The frontal cortex is developing even as the limbic system is ruling the show, which is why 18-21 is a pretty good time to go to university and have your frontal cortex trained up to work for you. The reason why it develops so late is that, being responsible for context-specific actions, it relies on, well… contexts. On building you into the shining beacon of your culture and society that you want to be. Earlier in life, you don’t have all the knowledge you need to put that stuff together. In that 13-22 period, people tend to become interested in how the world works, and their place in it. They exude compassion and enthusiasm, but they lack critical thinking. And they’re full of frustration that you haven’t yet LEARNED TO THINK FOR YOURSELF, DAMMIT, because it’s so obvious. Do you remember being 15, and making someone sit down and listen to a song because it was so incredible that you couldn’t imagine anyone not instantly loving it as much as you do? And being bewildered when that person just… didn’t really care? Music is subjective, of course, but when it comes to facts… obvious is the enemy of accurate.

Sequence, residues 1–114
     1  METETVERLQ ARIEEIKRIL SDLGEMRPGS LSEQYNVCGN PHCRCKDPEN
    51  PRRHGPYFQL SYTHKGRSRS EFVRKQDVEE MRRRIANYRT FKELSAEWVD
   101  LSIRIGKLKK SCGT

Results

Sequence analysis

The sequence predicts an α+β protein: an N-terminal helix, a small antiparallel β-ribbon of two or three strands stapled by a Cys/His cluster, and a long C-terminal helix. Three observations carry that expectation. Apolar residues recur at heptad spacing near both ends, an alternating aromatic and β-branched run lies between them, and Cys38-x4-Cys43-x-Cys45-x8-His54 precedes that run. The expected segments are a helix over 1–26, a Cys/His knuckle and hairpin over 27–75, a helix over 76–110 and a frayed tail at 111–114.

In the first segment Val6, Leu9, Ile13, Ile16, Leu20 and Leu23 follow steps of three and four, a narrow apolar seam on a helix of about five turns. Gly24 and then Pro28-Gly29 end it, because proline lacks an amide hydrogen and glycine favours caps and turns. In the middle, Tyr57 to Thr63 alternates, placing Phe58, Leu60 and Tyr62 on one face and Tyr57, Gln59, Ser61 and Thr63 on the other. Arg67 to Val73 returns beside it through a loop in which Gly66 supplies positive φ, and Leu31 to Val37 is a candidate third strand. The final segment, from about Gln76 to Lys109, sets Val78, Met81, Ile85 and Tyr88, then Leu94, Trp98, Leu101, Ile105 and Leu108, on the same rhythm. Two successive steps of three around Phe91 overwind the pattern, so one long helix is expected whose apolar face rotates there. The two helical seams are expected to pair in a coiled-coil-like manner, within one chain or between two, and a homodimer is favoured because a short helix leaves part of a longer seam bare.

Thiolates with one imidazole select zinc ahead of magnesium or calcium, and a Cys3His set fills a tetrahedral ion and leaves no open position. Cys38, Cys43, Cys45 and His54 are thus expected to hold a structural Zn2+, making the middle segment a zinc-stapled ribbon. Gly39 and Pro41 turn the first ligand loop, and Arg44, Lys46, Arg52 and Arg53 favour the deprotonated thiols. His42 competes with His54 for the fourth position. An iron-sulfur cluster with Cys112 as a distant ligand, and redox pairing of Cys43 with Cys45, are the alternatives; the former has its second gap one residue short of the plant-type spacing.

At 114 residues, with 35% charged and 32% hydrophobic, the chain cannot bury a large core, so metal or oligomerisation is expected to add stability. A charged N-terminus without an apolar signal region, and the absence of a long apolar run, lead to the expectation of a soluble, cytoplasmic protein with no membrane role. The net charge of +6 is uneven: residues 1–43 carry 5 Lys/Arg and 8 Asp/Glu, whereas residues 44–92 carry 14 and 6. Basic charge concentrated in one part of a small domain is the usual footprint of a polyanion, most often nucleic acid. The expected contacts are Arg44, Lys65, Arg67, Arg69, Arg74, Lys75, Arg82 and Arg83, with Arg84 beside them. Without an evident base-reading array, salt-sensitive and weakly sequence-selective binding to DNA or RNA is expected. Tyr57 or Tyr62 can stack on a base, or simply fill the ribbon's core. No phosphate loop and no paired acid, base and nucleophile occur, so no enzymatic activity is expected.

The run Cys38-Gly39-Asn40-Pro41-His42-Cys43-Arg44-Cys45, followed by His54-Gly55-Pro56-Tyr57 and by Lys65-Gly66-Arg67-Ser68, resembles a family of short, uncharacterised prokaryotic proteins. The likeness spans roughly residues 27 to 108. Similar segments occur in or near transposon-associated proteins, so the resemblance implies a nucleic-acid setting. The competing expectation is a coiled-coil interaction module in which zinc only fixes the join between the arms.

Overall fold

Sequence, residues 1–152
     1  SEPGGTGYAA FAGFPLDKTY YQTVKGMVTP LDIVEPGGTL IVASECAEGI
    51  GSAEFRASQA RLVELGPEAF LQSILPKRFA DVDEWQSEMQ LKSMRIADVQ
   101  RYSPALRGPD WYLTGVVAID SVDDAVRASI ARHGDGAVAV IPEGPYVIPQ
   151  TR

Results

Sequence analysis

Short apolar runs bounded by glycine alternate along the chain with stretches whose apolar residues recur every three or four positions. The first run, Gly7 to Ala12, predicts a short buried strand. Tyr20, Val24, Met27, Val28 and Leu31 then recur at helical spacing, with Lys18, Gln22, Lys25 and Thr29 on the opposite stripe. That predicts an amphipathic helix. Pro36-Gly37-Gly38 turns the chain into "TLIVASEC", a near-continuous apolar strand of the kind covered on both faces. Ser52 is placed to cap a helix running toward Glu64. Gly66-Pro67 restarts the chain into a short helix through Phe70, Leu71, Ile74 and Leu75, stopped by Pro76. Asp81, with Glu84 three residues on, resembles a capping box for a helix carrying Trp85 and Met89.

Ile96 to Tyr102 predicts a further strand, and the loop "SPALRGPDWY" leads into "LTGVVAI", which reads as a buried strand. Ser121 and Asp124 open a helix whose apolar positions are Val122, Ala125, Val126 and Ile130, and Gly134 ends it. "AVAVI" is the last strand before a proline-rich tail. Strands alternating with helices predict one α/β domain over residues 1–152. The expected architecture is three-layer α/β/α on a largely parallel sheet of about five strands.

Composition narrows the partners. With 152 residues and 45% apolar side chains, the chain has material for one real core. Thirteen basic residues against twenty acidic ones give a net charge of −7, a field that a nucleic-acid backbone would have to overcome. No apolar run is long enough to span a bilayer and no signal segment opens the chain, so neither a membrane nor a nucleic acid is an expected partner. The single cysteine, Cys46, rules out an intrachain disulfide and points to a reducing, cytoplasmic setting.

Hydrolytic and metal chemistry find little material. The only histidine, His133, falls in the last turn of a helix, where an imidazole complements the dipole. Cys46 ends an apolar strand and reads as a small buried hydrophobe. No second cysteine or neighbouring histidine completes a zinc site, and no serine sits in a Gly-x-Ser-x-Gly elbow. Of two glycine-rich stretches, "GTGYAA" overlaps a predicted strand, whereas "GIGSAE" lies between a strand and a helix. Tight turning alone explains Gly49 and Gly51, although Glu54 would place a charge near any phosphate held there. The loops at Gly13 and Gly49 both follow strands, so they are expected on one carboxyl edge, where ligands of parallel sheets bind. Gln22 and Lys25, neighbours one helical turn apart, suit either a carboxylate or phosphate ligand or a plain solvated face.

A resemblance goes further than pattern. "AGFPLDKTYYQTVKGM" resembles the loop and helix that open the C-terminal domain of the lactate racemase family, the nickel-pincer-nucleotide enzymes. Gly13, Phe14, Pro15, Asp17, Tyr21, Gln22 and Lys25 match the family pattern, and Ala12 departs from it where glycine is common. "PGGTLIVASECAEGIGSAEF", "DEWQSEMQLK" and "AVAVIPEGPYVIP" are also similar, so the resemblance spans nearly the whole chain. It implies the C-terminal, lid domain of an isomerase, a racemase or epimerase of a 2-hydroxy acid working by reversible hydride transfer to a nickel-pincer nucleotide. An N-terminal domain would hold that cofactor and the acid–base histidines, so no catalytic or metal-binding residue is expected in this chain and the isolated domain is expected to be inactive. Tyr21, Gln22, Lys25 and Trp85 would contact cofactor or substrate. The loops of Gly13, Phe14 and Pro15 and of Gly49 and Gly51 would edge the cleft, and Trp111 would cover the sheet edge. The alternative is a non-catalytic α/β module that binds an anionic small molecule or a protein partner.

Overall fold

If you’ve taken note of the kind of people who join ISIS, you may be amazed at how young they are. Sensible parents are stunned when they learn that their beloved 15 year old kid has run away to do something phenomenally stupid. But it’s no accident that recruiters for cults, gangs, paramilitary movements and Jordan Peterson rely on that period of intense feelings, isolation and a need for meaning and belonging in the world. If you can find a teenager in this state and give them the sense of love and purpose that they need, you can persuade them to take the whole deal. It also helps if you offer them the very thing that they’re worried they lack. For a kid in poverty, it might be money and status if they join the local gang. For someone who has always felt like an outsider because of their faith, it may be the sense that they are part of a grand purpose and that faith is a tremendous gift that can change the world. For a sad middle class white boy who is annoyed because people like him used to get all the power but are now being expected to share some of it with women and people of colour and even the goddamn queers, it may be the argument that he should be in charge because lobsters do this thing and (descent into unscientific gibberish). It isn’t that these arguments are logical. The kid who joins the gang ends up dead at 21; the young girl who runs to Syria becomes a sex slave; and seriously, dammit, I cannot overstate the extent to which the lobster argument makes absolutely no sense.